Out in the field
Established in Norway in 1965 during the birth of the country’s petroleum era, Eni Norge has become a key licence partner in many of the major oil and gas fields on the Norwegian continental shelf.
As an operator in this market it maintains a policy of actively searching for new resources whilst ensuring optimum production from existing fields. The company is part of the Eni group – an Italian multinational major integrated energy company that has a presence in 77 countries and employs more than 78,000 personnel.
With the petroleum industry continuing to find new opportunities across the world, being competitive is key to remaining at the forefront. Eni Norge’s activities are built through exploration, purchase or exchange of license interests, and development of producing fields including the use of advanced recovery methods. In this respect, at the end of 2010 the company held 49 licences making it a partner in the major Norwegian North Sea oilfields.
Certainly one of the most significant single events for the company in recent years was the Norwegian Parliament’s approval of the plan for development and operation of the Goliat field in 2009. Eni Norge is both operator and license partner of the Goliat field, which is also the first oil field to be developed in the Barents Sea, in partnership with Statoil. It has two separate main reservoirs, both of which contain oil with an overlying gas cap, and is scheduled to start production during the fourth quarter of 2013.
In terms of progress with the project, Eni Norge is currently in the planning and construction phase, having awarded the majority of the development contracts to both international and Norwegian companies alike. Of particular prominence is the Sevan 1000 FPSO concept, which has been selected for use in the Goliat field. Developed by Sevan Marine, the Sevan 1000 has an oil production capacity of 100,000 barrels a day, a gas production of 3.9 million cubic metres a day, and oil storage capacity of one million barrels. The construction contract for this FPSO has been awarded to Hyundai Heavy Industries (HHI) in South Korea.
As recent major disasters have clearly indicated, the safety aspect of oil and gas operations can never be underestimated. Given this concern, strict regulations and demands were set up by the authorities in the plan for the development and production of the Goliat field. In fulfilling these stipulations, a new regulatory scheme for coastal response is being launched, on behalf of the Goliat licence. “In co-operation with the Norwegian Clean Seas Association for Operating Companies (NOFO) we are working to establish a permanent pool of fishing and other vessels as part of the oil spill contingency plans for the Goliat field,” notes Andreas Wulff, communications manager of Eni Norge. “This is a similar model to a scheme operating in Canada, and is the first time on the Norwegian market that fishing vessels can operate as part of these contingency plans. Thirty to 40 fishing vessels are now being recruited, which will be trained, equipped and modified for this purpose, with the aim of having a minimum crew of three individuals per vessel. This is a new approach to oil spill contingency and Goliat will be the first test ground for this pool on the Norwegian continental shelf.”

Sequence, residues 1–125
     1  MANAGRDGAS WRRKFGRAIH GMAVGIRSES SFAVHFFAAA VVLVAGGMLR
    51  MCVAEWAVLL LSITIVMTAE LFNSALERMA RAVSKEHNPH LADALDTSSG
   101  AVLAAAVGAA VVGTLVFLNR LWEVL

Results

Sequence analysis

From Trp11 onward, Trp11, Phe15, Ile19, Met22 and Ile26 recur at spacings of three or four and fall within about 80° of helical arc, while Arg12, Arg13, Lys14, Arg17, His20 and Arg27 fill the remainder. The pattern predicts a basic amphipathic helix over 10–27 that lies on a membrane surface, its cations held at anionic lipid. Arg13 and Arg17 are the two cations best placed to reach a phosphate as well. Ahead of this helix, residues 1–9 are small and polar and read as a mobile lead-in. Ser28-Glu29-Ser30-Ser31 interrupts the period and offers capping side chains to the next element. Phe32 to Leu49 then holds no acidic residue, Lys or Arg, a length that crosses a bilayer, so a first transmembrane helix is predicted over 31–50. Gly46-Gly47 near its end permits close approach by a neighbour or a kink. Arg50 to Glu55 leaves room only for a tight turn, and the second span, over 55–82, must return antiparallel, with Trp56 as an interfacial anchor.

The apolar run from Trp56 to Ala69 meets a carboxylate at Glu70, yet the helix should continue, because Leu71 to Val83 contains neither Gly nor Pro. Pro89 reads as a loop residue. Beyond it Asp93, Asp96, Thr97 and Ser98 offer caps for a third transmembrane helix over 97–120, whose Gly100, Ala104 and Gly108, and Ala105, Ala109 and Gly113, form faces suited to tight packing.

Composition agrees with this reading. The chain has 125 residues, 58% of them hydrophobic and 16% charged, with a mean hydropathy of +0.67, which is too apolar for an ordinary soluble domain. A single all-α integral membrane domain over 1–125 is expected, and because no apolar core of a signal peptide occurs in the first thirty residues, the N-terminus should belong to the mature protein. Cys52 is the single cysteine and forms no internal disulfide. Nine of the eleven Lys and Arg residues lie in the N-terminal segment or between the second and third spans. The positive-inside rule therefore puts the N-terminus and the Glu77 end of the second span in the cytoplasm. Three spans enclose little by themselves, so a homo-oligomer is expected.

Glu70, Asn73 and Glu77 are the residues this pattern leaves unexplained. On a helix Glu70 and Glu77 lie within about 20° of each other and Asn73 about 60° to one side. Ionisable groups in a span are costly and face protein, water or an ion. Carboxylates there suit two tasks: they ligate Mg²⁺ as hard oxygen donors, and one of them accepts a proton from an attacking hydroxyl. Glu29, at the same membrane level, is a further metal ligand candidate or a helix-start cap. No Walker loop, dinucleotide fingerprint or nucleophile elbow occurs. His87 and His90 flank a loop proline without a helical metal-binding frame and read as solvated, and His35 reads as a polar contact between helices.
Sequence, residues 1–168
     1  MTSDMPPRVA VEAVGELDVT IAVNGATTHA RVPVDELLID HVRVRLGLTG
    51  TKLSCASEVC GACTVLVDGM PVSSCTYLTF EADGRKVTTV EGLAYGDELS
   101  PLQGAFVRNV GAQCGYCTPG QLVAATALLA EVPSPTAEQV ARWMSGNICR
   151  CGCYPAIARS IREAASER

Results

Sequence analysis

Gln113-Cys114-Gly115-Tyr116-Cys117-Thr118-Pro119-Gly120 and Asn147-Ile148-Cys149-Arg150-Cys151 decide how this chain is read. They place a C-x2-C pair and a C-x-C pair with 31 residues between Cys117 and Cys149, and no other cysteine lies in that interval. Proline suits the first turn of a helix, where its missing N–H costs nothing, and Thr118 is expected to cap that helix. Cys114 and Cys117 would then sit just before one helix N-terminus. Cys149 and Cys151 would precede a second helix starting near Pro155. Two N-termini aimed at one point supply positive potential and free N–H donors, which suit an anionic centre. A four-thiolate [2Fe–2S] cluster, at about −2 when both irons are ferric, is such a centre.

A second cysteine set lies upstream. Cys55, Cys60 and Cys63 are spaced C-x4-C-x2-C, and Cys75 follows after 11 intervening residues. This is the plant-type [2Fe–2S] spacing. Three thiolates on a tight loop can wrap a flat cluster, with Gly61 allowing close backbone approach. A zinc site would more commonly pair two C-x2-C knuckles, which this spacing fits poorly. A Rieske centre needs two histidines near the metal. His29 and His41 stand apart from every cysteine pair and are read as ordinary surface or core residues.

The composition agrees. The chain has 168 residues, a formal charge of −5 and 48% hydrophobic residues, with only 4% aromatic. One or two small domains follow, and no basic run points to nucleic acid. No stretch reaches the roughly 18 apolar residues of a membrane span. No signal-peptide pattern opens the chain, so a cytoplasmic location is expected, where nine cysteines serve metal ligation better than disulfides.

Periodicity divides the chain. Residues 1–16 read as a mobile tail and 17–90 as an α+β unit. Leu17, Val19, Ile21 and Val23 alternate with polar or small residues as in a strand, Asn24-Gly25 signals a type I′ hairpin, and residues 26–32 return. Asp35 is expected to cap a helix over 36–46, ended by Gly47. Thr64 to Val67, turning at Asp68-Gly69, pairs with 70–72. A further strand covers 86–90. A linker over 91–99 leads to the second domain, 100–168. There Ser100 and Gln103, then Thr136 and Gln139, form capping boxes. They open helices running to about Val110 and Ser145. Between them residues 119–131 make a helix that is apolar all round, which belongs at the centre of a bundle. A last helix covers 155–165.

Complementing these activities, Eni Norge and Statoil have initiated approximately 30 research and development projects with relation to the Goliat field, designed to support the short, medium and long-term challenges and needs of this and other fields. “Many of these research projects have been conducted by Norwegian companies, and a particular example is a new form of vacuum technology. This has been developed to clean shore areas following an oil spill incident by use of a vacuum. Alongside new technology such as this, new concepts and methods of oil spill prevention have also been developed for application in the field,” highlights Andreas.
As well as the Goliat field, Eni Norge has several other ventures underway, one of which is the smaller Marulk field. Situated in block 122 of the Norwegian North Sea, this field will be developed as a tie back to the Statoil operated Norne FPSO. With a 20 per cent stake in Marulk, Eni Norge will be the field operator, which is
expected to go into production in Q2 2012.
Having spent many years as a license partner, where it has gained extensive experience, this move into the operation of producing fields is a noteworthy development for Eni Norge. Coupled with the potentially lucrative assets of the Barents Sea, Eni Norge looks set for further success in the future: “At present we have development and exploration fields where we are the operator, but not on a producing field. Naturally as one of the world’s major oil companies, oil production is at the heart of Eni. In this respect, it was a logical step for Eni Norge to move into this phase of the market. The Barents Sea is of strategic importance to Eni Norge, but also Norway as a nation, following 40 years of negotiation between Norway and Russia regarding the two countries’ ocean borderline. Following the expected ratification of the treaty from autumn 2010, we are now looking at an area of more than 85,000 km2 in the Barents Sea, which will be considered Norwegian territory and is of greater interest to oil companies looking at operating in this region,” concludes Andreas.
Eni Norge AS
Services: Exploration and production